Mechanisms driving phosphorus release during algal blooms based on hourly changes in iron and phosphorus concentrations in sediments

Mechanisms driving phosphorus release during algal blooms based on hourly changes in iron and... Algal growth causes a drastic change in aquatic conditions over a diel cycle, which may induce sensitive feedback systems in sediments, causing P release. In this study, a microcosm experiment was performed using a suction sampler (Rhizon) to observe changes in soluble reactive phosphorus (SRP) and soluble Fe(II) concentrations in the top 20 mm sediment layer on a 3-h time interval, at different phases of harmful algal bloom (HAB) development. The results showed that the algal blooms prevailed up to 15 days after incubation, after which the process of bloom collapse proceeded until the 70th day. The concentrations of pore-water soluble Fe(II) and SRP increased throughout the incubation period. Compared to day 1, maximum increases of 214% in soluble Fe(II) and 387% in SRP were observed at night during the bloom and collapse periods, respectively. The diffusive fluxes of Fe and P at the sediment-water interface (SWI) generally corresponded to their changes in concentrations. Hourly fluctuation in soluble Fe(II) and SRP concentrations were observed with two distinct concentration peaks occurred at 21:00 p.m. and 06:00 a.m. (or 03:00 a.m.), respectively. These findings suggest that Fe-P coupling mechanisms are responsible for the release of P from sediments. During the collapse period, soluble Fe(II) concentrations were suppressed by the increase of labile S(-II) at night. Meanwhile, SRP concentrations were decoupled from Fe cycling with small fluctuations (<11% RSD) on an hourly timescale, and the decomposition of algae was a dominant source contributing to the release of P from sediments. These results significantly improved the understanding of processes and mechanisms behind the stimulated release of P from sediments during HABs. http://www.deepdyve.com/assets/images/DeepDyve-Logo-lg.png Water Research Elsevier

Mechanisms driving phosphorus release during algal blooms based on hourly changes in iron and phosphorus concentrations in sediments

Loading next page...
 
/lp/elsevier/mechanisms-driving-phosphorus-release-during-algal-blooms-based-on-vygcmh7P0x
Publisher
Elsevier
Copyright
Copyright © 2018 Elsevier Ltd
ISSN
0043-1354
D.O.I.
10.1016/j.watres.2018.01.040
Publisher site
See Article on Publisher Site

Abstract

Algal growth causes a drastic change in aquatic conditions over a diel cycle, which may induce sensitive feedback systems in sediments, causing P release. In this study, a microcosm experiment was performed using a suction sampler (Rhizon) to observe changes in soluble reactive phosphorus (SRP) and soluble Fe(II) concentrations in the top 20 mm sediment layer on a 3-h time interval, at different phases of harmful algal bloom (HAB) development. The results showed that the algal blooms prevailed up to 15 days after incubation, after which the process of bloom collapse proceeded until the 70th day. The concentrations of pore-water soluble Fe(II) and SRP increased throughout the incubation period. Compared to day 1, maximum increases of 214% in soluble Fe(II) and 387% in SRP were observed at night during the bloom and collapse periods, respectively. The diffusive fluxes of Fe and P at the sediment-water interface (SWI) generally corresponded to their changes in concentrations. Hourly fluctuation in soluble Fe(II) and SRP concentrations were observed with two distinct concentration peaks occurred at 21:00 p.m. and 06:00 a.m. (or 03:00 a.m.), respectively. These findings suggest that Fe-P coupling mechanisms are responsible for the release of P from sediments. During the collapse period, soluble Fe(II) concentrations were suppressed by the increase of labile S(-II) at night. Meanwhile, SRP concentrations were decoupled from Fe cycling with small fluctuations (<11% RSD) on an hourly timescale, and the decomposition of algae was a dominant source contributing to the release of P from sediments. These results significantly improved the understanding of processes and mechanisms behind the stimulated release of P from sediments during HABs.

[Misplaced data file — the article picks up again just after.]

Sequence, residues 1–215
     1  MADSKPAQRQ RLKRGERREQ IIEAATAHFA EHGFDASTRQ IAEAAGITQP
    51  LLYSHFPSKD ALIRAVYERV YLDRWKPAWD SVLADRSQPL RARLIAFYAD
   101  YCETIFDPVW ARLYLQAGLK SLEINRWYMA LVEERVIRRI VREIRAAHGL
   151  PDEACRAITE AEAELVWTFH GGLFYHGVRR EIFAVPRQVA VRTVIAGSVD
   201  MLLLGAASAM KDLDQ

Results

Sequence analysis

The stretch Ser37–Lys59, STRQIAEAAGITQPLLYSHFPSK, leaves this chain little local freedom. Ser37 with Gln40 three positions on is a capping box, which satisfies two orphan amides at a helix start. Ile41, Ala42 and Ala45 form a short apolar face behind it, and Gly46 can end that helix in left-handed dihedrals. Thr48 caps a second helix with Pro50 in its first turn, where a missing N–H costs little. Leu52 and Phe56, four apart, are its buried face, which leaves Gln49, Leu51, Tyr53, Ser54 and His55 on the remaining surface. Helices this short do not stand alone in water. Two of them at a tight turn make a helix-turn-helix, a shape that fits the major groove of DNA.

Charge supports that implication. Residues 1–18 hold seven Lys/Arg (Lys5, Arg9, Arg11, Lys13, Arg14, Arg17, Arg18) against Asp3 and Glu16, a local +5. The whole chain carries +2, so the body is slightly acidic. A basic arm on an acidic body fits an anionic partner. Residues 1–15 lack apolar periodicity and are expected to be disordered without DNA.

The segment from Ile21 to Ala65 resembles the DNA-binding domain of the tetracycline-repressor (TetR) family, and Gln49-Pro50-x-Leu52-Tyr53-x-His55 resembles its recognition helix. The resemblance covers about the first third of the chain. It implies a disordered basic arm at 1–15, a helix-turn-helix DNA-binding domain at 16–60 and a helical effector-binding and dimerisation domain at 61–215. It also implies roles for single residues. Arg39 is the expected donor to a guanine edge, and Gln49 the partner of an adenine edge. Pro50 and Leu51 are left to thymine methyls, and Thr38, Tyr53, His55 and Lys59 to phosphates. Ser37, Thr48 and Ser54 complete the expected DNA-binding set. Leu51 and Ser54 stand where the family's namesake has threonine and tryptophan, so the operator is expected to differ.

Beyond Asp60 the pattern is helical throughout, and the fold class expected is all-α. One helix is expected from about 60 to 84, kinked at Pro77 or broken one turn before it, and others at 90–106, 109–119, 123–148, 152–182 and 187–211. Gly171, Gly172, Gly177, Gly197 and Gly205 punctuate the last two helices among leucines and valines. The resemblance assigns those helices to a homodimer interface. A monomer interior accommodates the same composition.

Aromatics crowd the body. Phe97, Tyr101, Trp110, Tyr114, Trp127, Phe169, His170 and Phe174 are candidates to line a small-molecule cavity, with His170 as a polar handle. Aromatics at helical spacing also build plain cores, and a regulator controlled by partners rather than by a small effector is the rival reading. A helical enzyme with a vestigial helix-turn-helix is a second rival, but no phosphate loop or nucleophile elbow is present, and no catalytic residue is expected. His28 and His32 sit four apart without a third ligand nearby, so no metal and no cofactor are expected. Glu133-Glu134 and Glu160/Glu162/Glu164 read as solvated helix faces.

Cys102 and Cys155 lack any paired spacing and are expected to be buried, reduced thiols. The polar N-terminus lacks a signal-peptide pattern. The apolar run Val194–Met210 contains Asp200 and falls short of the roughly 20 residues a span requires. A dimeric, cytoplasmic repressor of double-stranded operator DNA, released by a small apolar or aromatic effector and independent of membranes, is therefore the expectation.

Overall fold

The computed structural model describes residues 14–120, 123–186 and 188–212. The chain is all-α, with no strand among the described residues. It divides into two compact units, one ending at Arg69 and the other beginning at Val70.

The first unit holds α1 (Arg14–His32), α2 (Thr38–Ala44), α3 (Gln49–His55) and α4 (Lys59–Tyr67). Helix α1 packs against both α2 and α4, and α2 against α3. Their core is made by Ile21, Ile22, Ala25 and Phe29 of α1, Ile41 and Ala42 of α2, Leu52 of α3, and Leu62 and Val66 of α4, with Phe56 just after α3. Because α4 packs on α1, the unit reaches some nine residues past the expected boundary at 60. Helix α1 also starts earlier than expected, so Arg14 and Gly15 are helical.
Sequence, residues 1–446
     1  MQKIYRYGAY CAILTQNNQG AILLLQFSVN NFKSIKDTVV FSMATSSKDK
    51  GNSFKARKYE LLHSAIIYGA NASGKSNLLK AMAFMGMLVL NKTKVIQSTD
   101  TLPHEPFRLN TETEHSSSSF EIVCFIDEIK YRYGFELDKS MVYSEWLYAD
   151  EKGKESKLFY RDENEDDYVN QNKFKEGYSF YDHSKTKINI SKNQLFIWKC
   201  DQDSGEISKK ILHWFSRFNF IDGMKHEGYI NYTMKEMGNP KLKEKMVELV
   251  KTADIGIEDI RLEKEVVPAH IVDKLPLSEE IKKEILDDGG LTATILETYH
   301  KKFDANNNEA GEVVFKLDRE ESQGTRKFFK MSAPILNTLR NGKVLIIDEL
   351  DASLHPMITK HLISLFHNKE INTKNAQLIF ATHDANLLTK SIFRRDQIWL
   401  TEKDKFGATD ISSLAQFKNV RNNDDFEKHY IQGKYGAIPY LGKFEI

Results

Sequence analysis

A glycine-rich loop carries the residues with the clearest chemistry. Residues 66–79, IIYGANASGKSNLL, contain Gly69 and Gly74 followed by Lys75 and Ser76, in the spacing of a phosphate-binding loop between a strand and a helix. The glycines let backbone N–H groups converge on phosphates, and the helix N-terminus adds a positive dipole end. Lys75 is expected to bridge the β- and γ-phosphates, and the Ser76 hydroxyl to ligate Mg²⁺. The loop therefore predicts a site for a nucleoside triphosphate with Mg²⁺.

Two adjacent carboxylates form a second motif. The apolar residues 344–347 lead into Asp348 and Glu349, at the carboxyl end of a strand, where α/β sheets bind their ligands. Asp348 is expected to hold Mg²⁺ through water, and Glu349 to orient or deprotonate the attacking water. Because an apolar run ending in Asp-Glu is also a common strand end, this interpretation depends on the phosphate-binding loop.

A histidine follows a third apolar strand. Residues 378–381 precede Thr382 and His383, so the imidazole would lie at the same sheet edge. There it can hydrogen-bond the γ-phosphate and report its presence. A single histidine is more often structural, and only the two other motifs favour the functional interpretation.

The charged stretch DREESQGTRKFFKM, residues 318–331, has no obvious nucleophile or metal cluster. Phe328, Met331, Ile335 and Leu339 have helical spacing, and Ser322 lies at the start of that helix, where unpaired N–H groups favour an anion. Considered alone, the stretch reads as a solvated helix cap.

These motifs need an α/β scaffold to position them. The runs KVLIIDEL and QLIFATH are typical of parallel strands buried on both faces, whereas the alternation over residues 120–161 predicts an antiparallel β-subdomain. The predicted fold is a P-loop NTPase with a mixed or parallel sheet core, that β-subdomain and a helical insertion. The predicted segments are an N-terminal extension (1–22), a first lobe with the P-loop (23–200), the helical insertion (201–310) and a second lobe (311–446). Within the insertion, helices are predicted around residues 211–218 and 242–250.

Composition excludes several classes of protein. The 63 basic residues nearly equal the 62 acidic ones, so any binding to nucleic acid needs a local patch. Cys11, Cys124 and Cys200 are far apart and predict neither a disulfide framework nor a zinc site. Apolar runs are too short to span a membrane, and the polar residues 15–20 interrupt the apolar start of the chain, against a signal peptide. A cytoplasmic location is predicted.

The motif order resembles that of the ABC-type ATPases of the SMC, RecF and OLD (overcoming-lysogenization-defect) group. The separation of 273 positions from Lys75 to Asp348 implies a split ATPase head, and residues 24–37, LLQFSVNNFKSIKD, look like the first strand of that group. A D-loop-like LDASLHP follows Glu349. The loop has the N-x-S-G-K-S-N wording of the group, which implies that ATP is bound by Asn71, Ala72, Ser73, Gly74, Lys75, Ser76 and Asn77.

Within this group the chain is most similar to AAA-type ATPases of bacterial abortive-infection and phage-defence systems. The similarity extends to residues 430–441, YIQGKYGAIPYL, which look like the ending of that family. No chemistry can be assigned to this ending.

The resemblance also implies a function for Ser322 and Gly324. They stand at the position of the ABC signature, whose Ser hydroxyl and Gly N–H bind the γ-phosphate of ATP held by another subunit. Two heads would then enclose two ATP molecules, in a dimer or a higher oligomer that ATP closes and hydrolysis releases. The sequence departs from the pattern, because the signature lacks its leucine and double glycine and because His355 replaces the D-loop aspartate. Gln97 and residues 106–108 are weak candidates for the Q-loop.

Journal

Water ResearchElsevier

Published: Apr 15, 2018

References

You’re reading a free preview. Subscribe to read the entire article.


DeepDyve is your
personal research library

It’s your single place to instantly
discover and read the research
that matters to you.

Enjoy affordable access to
over 18 million articles from more than
15,000 peer-reviewed journals.

All for just $49/month

Explore the DeepDyve Library

Search

Query the DeepDyve database, plus search all of PubMed and Google Scholar seamlessly

Organize

Save any article or search result from DeepDyve, PubMed, and Google Scholar... all in one place.

Access

Get unlimited, online access to over 18 million full-text articles from more than 15,000 scientific journals.

Your journals are on DeepDyve

Read from thousands of the leading scholarly journals from SpringerNature, Elsevier, Wiley-Blackwell, Oxford University Press and more.

All the latest content is available, no embargo periods.

See the journals in your area

DeepDyve

Freelancer

DeepDyve

Pro

Price

FREE

$49/month
$360/year

Save searches from
Google Scholar,
PubMed

Create lists to
organize your research

Export lists, citations

Read DeepDyve articles

Abstract access only

Unlimited access to over
18 million full-text articles

Print

20 pages / month

PDF Discount

20% off